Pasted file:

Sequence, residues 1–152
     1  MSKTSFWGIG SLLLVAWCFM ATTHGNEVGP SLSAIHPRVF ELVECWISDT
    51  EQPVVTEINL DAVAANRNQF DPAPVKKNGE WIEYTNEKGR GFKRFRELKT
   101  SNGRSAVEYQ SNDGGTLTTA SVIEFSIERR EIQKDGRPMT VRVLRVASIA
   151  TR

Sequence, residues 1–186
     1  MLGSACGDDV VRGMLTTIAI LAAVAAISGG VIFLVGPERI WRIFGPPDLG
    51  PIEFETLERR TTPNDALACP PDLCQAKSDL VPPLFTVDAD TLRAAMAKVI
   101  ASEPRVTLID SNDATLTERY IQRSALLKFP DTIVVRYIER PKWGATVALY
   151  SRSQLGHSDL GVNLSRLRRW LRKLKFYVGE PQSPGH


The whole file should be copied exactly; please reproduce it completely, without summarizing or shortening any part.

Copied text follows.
Sequence, residues 1–152
     1  MSKTSFWGIG SLLLVAWCFM ATTHGNEVGP SLSAIHPRVF ELVECWISDT
    51  EQPVVTEINL DAVAANRNQF DPAPVKKNGE WIEYTNEKGR GFKRFRELKT
   101  SNGRSAVEYQ SNDGGTLTTA SVIEFSIERR EIQKDGRPMT VRVLRVASIA
   151  TR

Sequence, residues 1–186
     1  MLGSACGDDV VRGMLTTIAI LAAVAAISGG VIFLVGPERI WRIFGPPDLG
    51  PIEFETLERR TTPNDALACP PDLCQAKSDL VPPLFTVDAD TLRAAMAKVI
   101  ASEPRVTLID SNDATLTERY IQRSALLKFP DTIVVRYIER PKWGATVALY
   151  SRSQLGHSDL GVNLSRLRRW LRKLKFYVGE PQSPGH